How This Quadriplegic Man Learned How to Move His Limbs … With His Mind
Ian Burkhart was the first quadriplegic to regain control of his body using his thoughts.
When Ian Burkhart broke his neck diving into a wave in 2010, the world as he knew it had ended. But he had no idea that about four years later, he would make history as the first quadriplegic to regain control of his limbs using his own thoughts.
Burkhart was swimming with some friends off the coast in North Carolina during summer vacation after his freshman year of college. He had just spent his first year majoring in video production at Ohio University. A former Boy Scout and lacrosse goalie from Columbus, Ohio, Burkhart’s ill-fated dive left him unable to use his arms and legs.
At the time, the devastated 19-year-old knew only that an experimental study at nearby Ohio State University Wexner Medical School offered hope. Burkhart’s spinal injury had severed the communication pathway between the motor cortex in his brain and the muscles in his limbs, but this study proposed a detour.
Doctors had Burkhart think about moving his hand while researchers took functional magnetic resonance imaging (fMRI) scans to light up key brain areas. Based on those coordinates, in April 2014, Ali Rezai, MD, director of Ohio State’s Center for Neuromodulation, placed a microchip smaller than a pea in the motor cortex, which controls the hand. The chip was connected via a computer to an electrode-studded sleeve on Burkhart’s arm that stimulated his muscles. Burkhart’s thoughts now had a new bypass to his hand.
Two months later, Dr. Rezai was standing behind his patient in a lab crowded with cameras, physicians, engineers, and family, all eyes on Burkhart’s right hand. When it moved for the first time, Burkhart made history. “It was a surreal moment,” Dr. Rezai remembers. “The whole team was amazed, but then we said, ‘OK, the work is just beginning. He’s got to be able to pick up a cup of coffee.’”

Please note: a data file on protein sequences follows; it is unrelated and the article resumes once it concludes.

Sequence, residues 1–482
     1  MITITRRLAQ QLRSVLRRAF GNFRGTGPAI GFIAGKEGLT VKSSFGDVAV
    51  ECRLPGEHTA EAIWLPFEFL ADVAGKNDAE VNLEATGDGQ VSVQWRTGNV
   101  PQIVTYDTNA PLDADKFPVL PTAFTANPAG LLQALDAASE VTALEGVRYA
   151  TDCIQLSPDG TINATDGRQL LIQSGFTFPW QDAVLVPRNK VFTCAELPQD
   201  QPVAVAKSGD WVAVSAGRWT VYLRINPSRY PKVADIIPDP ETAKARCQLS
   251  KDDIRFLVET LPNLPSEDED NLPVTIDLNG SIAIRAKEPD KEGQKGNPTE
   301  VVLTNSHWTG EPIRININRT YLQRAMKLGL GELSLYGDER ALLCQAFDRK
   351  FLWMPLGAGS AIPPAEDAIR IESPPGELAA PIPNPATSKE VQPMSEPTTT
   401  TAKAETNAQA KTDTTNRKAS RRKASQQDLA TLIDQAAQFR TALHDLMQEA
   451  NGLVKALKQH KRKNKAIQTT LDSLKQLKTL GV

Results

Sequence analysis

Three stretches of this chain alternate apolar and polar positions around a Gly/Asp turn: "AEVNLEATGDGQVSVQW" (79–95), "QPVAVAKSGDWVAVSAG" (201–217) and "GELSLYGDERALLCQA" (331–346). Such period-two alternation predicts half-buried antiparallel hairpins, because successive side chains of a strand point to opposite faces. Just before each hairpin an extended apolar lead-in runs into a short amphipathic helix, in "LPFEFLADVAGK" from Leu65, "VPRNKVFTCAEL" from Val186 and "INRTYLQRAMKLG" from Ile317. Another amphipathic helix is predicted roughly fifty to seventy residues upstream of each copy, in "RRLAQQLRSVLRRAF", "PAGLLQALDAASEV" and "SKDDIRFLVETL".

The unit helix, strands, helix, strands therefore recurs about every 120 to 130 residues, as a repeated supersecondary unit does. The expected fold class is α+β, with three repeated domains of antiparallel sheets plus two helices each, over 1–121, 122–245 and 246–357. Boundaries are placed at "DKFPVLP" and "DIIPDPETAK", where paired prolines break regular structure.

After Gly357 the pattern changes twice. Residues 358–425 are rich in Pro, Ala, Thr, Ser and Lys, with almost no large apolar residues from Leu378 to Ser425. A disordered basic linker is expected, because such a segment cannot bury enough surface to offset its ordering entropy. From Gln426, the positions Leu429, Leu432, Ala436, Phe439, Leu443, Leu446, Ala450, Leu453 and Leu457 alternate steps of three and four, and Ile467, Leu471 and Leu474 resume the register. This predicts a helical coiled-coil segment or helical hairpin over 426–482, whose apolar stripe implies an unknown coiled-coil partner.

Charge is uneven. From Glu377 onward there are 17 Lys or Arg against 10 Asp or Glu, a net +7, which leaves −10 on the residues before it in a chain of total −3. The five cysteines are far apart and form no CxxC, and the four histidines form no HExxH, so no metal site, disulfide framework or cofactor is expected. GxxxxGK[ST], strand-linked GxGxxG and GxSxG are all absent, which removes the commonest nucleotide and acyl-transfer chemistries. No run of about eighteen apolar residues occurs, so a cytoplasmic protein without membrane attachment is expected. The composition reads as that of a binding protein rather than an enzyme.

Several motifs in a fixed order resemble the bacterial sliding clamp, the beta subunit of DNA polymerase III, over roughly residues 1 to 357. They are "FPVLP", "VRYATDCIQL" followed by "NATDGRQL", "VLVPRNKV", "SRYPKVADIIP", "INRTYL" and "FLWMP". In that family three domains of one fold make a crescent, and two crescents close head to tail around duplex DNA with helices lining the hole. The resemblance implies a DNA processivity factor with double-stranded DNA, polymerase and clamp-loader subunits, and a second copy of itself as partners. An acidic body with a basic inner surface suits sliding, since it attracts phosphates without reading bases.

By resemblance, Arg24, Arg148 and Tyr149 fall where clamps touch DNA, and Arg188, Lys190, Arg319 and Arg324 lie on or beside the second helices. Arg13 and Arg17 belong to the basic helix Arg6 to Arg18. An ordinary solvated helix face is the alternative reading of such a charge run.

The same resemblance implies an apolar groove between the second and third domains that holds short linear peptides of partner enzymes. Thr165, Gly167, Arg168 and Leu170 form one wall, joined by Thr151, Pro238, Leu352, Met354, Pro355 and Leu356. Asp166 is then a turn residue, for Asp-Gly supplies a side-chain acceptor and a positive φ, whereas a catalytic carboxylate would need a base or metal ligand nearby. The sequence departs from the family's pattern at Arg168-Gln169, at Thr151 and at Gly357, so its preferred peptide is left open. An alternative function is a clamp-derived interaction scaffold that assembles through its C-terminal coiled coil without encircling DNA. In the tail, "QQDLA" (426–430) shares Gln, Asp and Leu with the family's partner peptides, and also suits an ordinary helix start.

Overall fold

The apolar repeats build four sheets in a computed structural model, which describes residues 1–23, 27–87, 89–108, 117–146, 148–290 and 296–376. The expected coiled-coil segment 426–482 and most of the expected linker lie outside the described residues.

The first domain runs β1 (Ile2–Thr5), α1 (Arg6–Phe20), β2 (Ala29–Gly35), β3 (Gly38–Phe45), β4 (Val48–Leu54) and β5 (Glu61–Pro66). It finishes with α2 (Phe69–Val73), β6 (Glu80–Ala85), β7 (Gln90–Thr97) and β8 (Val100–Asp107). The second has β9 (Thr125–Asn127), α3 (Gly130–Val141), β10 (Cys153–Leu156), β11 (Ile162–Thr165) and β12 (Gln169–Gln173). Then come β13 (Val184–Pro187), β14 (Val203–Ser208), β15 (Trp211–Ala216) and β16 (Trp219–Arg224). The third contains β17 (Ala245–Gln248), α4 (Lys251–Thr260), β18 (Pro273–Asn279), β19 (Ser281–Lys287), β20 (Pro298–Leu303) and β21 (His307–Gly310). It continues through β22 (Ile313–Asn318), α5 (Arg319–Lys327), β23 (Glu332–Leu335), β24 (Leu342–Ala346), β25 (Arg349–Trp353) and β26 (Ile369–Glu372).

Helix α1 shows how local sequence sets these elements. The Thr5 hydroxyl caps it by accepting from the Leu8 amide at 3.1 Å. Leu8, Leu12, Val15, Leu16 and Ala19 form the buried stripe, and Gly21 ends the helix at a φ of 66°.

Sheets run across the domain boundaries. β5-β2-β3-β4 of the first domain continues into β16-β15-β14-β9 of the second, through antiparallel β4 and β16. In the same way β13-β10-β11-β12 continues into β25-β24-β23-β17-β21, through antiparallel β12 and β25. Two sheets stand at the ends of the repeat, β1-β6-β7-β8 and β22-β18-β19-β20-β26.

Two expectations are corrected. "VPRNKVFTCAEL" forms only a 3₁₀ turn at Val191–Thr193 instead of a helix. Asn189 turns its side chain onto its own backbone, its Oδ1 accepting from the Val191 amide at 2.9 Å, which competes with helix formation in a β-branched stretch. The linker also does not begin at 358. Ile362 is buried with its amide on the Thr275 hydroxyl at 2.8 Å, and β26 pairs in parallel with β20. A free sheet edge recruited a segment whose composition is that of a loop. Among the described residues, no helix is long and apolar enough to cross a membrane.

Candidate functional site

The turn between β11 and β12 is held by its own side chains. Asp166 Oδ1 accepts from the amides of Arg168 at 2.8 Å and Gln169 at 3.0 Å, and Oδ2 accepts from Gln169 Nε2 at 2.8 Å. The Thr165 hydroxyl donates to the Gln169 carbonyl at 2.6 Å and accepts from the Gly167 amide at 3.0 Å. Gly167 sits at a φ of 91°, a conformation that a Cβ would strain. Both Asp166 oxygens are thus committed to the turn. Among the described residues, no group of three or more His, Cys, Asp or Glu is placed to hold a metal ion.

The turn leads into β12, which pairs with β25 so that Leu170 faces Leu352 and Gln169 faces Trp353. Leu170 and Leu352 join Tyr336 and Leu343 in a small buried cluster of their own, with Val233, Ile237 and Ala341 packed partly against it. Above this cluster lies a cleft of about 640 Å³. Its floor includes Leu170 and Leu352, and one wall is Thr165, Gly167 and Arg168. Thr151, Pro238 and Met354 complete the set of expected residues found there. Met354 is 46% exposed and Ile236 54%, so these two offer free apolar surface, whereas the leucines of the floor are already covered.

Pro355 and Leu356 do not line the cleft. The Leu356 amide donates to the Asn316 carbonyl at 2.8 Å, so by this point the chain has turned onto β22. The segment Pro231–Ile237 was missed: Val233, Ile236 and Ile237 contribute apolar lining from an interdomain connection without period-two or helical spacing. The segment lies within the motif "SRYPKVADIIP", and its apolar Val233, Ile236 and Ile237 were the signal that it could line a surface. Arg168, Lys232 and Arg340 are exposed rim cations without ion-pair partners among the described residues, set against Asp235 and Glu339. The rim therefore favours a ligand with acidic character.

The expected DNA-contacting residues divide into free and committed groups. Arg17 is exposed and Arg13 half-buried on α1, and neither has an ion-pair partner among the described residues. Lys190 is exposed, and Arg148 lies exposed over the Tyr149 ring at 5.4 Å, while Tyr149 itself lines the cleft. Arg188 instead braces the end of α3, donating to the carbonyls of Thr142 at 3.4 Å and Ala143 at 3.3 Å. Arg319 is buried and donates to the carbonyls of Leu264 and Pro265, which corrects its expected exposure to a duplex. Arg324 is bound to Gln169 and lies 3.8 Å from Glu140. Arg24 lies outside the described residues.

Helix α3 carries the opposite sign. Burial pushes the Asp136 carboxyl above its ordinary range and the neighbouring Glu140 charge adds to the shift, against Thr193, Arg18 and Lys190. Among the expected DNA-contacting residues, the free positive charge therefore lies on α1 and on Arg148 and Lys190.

The brain and computer working together
In the years since, subject and software have been learning from each other. “The machine is continuously improving its algorithms, and Ian is able to think about things with more fluidity,” says Dr. Rezai. “It’s phenomenal seeing the brain and computer coming together.”
Since those early days, Burkhart has learned to pick up a glass, pour liquid from a bottle, pinch his thumb and index finger together, and play the video game Guitar Hero.
Rezai and his team published their findings in a 2016 study about restoring movement using neuroprosthetic devices in the journal Nature.
“This is the first demonstration to our knowledge of successful control of muscle activation using intracortically recorded signals in a paralyzed human,” the researchers wrote. “These results have significant implications in advancing neuroprosthetic technology for people worldwide living with the effects of paralysis.”
Burkhart went on to pursue a degree in accounting at Ohio State and he became a high school lacrosse assistant coach. He volunteers at the Ohio State University Wexner Medical Center helping spinal cord injured patients adjust to their new life as a peer support mentor with the Christopher and Dana Reeve Foundation. He created the Ian Burkhart Foundation dedicated to restoring lives and providing hope to people who have spinal cord injuries.
Next up: A mystery illness caused a man to lose use of his limbs, but doctors were able to help give some of it back.